Author Topic: to lighten the clutch a7 & a10 ?  (Read 763 times)

Offline Signboy

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to lighten the clutch a7 & a10 ?
« on: 18.11. 2016 22:47 »
Guys,
An old biker pal of mine says that in his day, the "60s" he and his buddies would make their clutch's lighter by removing a friction plate or two as hes says the clutch baskets have friction ferodos on both sides of the basket and this counts as two plates ! is this a wind up or could it be true ?????
Signboy
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Offline coater87

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Re: to lighten the clutch a7 & a10 ?
« Reply #1 on: 18.11. 2016 23:01 »
 Well,

 If you remove anything its going to get lighter. Is it a good idea? I dont know...

 But, a clutch works on friction and pressure. So if you remove any friction surface area, your making it easier for the clutch to slip. To get the same (or more) pressure out of the reduced height you might end up making the clutch almost impossible to pull in to get enough pressure to make the clutch work.

 Would they have done that? Sure, they did a lot of things in the 60s that we see as a little odd.

 I believe hill climbers did this because they actually wanted a little slip so as not to flip the bike over as easily. I could be wrong on that but it struck a cord in my memory.
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Central Wisconsin in the U.S.

Offline Triton Thrasher

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Re: to lighten the clutch a7 & a10 ?
« Reply #2 on: 19.11. 2016 09:48 »
If a clutch that weighs less is your goal, it's a great idea.

I want a clutch that doesn't slip or drag or sprain my wrist.
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Offline BSA_54A10

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Re: to lighten the clutch a7 & a10 ?
« Reply #3 on: 19.11. 2016 09:59 »
Your mates are talking total garbage.
Yes the drum has got friction material on both side, but take i st of plates out and you have an M20 clutch which is only just  up to the 13 Hp of an M20
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Offline rocker21

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Re: to lighten the clutch a7 & a10 ?
« Reply #4 on: 19.11. 2016 12:15 »
Bsa clutches were not the best especially the old 6 spring, what a lot of people did was fit a different main shaft into the gearbox and use a Norton clutch instead and i believe the main shaft came from one of the plunger BSA gearbox, i know someone who did this back in the day and it made a huge difference .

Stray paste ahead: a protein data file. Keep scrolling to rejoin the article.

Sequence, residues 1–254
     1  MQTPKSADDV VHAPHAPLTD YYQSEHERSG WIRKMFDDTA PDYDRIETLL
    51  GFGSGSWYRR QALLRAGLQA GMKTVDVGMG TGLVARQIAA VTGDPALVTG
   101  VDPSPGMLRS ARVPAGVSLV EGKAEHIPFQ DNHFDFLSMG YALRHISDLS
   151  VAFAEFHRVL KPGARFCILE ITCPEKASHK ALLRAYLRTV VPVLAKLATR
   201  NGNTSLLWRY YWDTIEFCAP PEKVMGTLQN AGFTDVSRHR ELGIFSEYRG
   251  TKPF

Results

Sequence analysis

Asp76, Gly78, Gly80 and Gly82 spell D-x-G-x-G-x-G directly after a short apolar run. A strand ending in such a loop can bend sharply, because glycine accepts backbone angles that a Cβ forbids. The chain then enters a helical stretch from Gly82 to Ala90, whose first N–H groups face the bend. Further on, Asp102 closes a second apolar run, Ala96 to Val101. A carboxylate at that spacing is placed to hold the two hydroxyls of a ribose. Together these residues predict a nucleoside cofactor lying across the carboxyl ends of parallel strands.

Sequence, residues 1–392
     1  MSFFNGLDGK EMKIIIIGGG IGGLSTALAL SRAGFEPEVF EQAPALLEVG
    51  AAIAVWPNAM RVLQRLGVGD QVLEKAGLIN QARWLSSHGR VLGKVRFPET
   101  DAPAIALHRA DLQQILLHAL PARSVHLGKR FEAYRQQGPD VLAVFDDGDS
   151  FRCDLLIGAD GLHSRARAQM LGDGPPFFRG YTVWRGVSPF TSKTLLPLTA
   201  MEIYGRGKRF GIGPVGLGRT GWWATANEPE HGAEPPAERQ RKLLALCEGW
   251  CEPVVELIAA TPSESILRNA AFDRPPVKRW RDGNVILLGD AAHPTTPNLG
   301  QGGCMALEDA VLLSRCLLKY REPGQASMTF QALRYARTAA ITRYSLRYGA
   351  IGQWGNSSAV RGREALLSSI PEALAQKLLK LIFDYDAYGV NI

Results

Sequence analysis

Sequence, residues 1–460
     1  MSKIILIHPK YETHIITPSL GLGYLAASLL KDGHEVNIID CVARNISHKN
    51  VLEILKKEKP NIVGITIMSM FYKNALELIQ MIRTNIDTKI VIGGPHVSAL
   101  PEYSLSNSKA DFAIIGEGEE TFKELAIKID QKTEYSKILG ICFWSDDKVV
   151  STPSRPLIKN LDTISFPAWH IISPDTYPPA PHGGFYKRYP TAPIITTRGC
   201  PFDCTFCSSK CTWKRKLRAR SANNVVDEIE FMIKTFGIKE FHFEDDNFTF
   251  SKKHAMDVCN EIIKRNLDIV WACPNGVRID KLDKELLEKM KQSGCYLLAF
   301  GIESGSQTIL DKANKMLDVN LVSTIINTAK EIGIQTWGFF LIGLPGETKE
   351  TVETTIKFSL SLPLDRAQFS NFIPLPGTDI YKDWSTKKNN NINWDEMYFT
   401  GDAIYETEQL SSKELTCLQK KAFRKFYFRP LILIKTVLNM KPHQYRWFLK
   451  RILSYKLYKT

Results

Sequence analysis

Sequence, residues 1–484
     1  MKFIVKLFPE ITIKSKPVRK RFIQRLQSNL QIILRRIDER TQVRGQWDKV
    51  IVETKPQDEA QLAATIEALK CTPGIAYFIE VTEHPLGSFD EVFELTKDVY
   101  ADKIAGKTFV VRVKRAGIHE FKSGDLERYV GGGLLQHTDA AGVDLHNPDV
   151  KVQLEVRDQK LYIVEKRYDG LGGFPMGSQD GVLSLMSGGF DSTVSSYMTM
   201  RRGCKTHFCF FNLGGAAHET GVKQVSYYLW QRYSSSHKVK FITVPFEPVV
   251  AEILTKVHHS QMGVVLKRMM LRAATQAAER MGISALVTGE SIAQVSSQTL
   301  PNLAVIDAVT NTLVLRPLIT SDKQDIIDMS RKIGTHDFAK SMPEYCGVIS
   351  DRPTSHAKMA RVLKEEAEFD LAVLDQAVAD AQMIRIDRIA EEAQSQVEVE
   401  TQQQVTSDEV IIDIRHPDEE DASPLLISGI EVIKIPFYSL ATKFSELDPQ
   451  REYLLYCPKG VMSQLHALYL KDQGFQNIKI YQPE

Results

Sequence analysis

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Offline Rocket Racer

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Re: to lighten the clutch a7 & a10 ?
« Reply #5 on: 22.11. 2016 22:18 »
If we're talking 6 spring, I have a vague recollection that the B31 had less plates than the B33 and I did even try it at some point on my B33.
I believe the benefit of less plates was that the lesser number of plates disengaged more cleanly as the main issue with the 6 spring is the  basket wobble that comes from the ball bearing arrangement and the narrow point lift of the outer plate that can often lift crookedly if not adjusted carefully, If it lifts crookedly the clutch plates don't release nicely, where as with less plates the lift per plate is greater and the release cleaner.

I certainly wouldn't consider fitting less plates on a 650 or any sporting 500, perhaps a cooking 500 might cope but still not a good idea; keep in mind these "tricks" of the 60's were typically the result of impoverished youths keeping their bikes mobile on the cheap, rather than sound practice.
My BNR clutch on the rig, has an extra plate at Bobs recomendation
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A good rider periodically checks all nuts and bolts with a spanner to see that they are tight - Instruction Manual for BSA B series, p46, para 2.
New Zealand

Offline peter small

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Re: to lighten the clutch a7 & a10 ?
« Reply #6 on: 26.11. 2016 21:00 »
I have a Road Rocket 1954
It was fitted with a brand new 6 spring clutch when i bought it. It was terrible heavy and i could never select neutral, So i did what everybody in the 60s fitted a 4 spring Triumph clutch better but not perfect until you fit a SRM pressure plate and hey presto you have a clutch as light as a feather good as a japanese clutch and gear selection is great.
I have also found that if the primary chain tightens up like a banjo string because the gearbox wasnt locked up properly  3rd and 4 th are hard to select.
as soon as you rectify the primary chain its perfect again.


Pete
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BSA ROAD ROCKET 650cc 1954
Norton commando Roadster 750cc 1972
Triumph T140 Silver jubilee 750cc 1977
Honda Pan European ST1100  2000
Honda C90 1990